Researchers scanned their brains again to see how they would react to the food pictures. This time, when they showed participants unhealthy food photos, their brains’ reward centers had less activity. However, viewing healthy foods activated their reward regions more than before they began the diet.

Scientists believe that since the participants experienced positive changes associated with healthy foods, they no longer craved anything else. They saw firsthand how the greasy, fattening options created disease in the mind and body. Therefore, burgers and fries seemed less appealing once they noticed the benefits of eating salads, fruit, and other nutrient-dense foods.

Lessons to take away from the study:

Participants began attributing the unhealthful foods to adverse outcomes, such as weight gain, energy loss, and low self-esteem. Healthy foods became more enticing as they associated them with positivity, compliments from friends, and looser-fitting clothes. So, this study offers several important lessons to remember if you want to rewire your brain for health.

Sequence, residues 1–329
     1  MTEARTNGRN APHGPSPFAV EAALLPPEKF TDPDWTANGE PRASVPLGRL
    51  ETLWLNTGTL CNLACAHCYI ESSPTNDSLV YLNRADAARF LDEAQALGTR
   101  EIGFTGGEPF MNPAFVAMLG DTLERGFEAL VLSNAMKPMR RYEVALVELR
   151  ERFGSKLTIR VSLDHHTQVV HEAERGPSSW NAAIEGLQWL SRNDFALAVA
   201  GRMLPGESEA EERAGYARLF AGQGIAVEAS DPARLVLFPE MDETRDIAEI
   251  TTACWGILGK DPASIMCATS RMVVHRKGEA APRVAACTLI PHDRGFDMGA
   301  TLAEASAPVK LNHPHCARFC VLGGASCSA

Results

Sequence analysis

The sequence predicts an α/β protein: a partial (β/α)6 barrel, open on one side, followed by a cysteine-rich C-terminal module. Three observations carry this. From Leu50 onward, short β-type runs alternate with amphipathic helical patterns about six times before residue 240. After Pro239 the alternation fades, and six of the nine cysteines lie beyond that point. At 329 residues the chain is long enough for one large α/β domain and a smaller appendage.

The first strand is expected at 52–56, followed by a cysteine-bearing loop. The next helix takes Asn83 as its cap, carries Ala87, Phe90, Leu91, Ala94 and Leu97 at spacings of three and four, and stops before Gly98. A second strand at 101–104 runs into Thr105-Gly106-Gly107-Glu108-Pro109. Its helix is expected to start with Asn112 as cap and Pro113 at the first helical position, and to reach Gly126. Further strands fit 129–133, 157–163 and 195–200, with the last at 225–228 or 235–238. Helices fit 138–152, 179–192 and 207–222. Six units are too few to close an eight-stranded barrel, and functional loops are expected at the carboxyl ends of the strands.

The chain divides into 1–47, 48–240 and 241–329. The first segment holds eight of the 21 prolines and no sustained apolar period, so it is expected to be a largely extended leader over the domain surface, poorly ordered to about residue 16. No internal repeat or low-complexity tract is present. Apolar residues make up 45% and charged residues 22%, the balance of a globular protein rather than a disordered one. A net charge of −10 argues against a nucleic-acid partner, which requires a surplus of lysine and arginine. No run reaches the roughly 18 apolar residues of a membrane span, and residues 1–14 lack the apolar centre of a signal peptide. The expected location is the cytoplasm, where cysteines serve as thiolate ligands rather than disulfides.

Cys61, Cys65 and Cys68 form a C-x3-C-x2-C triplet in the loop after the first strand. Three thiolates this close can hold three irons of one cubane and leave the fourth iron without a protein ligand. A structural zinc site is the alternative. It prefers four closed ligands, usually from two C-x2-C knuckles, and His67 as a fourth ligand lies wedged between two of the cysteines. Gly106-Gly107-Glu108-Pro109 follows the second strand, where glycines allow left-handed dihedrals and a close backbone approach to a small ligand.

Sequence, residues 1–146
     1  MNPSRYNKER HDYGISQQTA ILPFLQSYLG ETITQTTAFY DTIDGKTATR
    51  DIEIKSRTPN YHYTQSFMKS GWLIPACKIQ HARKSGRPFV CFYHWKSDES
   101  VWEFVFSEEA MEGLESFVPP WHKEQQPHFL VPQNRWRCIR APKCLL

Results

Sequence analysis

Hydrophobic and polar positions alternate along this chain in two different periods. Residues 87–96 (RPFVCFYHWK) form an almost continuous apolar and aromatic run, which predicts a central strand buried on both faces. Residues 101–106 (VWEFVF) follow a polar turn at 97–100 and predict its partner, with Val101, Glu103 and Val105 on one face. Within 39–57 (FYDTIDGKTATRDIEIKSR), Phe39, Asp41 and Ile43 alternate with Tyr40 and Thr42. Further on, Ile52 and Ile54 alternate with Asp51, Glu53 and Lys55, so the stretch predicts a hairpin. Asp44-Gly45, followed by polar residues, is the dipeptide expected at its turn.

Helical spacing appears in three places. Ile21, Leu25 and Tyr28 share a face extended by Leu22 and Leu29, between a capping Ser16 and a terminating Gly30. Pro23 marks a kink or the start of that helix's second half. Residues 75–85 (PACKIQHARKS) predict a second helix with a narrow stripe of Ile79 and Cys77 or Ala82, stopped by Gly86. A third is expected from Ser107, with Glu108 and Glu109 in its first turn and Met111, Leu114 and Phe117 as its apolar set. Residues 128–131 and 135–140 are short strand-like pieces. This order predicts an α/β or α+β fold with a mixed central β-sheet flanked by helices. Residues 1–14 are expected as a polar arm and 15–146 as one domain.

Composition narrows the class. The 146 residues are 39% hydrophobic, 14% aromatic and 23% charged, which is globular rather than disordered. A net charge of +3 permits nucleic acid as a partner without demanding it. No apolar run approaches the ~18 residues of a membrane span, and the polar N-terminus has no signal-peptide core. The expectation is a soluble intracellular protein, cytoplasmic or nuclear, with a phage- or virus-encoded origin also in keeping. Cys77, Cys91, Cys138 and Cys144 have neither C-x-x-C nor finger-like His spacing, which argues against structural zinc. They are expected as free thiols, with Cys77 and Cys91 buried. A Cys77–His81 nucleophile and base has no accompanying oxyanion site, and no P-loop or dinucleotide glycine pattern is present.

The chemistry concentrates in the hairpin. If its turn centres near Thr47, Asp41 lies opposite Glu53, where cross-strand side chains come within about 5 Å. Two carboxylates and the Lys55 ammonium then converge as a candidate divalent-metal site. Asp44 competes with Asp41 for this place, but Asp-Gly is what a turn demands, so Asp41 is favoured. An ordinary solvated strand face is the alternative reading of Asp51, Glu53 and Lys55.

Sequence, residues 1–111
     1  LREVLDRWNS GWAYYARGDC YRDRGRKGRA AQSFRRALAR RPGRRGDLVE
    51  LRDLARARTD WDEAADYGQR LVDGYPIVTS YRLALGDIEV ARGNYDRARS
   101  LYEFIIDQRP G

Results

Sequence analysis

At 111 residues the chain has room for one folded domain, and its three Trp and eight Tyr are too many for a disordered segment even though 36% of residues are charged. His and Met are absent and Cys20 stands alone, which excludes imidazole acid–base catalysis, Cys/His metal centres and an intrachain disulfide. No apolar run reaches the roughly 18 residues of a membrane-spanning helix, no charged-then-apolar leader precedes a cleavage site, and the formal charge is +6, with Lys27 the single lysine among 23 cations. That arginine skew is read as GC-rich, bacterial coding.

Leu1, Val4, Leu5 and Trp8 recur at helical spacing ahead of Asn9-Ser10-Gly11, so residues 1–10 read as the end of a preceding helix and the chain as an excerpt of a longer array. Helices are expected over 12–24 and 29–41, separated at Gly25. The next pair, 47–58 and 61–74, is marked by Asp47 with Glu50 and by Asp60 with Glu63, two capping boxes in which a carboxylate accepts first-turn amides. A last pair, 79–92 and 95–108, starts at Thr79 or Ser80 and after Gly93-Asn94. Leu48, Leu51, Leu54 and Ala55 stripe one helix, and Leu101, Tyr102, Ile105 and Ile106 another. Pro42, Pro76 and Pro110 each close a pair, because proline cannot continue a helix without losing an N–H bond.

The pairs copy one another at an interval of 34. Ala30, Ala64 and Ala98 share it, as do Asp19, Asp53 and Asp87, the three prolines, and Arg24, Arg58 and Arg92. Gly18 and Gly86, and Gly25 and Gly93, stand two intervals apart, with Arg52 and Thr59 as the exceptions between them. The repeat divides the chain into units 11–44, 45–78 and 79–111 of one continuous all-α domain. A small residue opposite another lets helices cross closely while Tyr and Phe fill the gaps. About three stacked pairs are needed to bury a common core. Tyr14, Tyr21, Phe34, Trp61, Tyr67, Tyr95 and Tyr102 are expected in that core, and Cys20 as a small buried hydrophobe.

• Change the way you think about natural foods. Most people think of fruits and vegetables as bland or unpalatable. However, offering gratitude to the universe for providing foods to maintain your body puts things into perspective. It also will make unhealthy foods less desirable over time.